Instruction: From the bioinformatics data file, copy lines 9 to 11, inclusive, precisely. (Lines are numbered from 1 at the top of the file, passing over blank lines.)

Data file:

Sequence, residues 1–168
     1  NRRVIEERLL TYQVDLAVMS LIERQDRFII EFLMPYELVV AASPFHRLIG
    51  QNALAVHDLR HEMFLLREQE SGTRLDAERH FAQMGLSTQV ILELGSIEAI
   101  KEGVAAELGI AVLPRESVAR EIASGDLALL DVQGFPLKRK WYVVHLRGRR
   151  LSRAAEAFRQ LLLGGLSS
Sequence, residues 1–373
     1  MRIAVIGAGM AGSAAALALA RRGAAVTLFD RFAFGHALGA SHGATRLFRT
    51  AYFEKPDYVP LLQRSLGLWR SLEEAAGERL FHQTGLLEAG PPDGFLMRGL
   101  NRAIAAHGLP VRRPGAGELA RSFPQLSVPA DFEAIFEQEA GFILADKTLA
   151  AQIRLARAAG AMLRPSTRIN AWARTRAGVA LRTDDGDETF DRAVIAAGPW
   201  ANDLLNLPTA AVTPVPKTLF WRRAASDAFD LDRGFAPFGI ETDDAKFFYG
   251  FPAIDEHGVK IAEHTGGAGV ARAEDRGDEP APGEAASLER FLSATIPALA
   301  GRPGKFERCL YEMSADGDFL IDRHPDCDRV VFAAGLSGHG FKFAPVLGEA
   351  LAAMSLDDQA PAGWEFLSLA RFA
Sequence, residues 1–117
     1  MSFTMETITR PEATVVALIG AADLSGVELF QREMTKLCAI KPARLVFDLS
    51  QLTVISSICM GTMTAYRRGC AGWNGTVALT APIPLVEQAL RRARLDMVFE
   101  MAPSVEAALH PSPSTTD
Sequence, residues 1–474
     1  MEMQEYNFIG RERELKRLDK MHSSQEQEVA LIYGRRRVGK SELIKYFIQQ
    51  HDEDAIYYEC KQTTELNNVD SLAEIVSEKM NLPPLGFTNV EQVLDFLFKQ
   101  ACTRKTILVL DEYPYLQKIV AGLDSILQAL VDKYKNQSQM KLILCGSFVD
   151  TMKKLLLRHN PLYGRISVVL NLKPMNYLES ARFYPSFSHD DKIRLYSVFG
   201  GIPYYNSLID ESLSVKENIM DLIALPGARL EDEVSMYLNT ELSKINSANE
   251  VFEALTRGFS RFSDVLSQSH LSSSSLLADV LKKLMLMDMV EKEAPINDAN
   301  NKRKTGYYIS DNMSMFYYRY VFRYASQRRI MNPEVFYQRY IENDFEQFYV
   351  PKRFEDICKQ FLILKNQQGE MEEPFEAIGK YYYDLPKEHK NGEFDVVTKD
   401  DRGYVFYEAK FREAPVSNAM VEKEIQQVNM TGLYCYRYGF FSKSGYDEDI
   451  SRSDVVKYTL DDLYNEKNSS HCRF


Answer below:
   101  NRAIAAHGLP VRRPGAGELA RSFPQLSVPA DFEAIFEQEA GFILADKTLA
   151  AQIRLARAAG AMLRPSTRIN AWARTRAGVA LRTDDGDETF DRAVIAAGPW
   201  ANDLLNLPTA AVTPVPKTLF WRRAASDAFD LDRGFAPFGI ETDDAKFFYG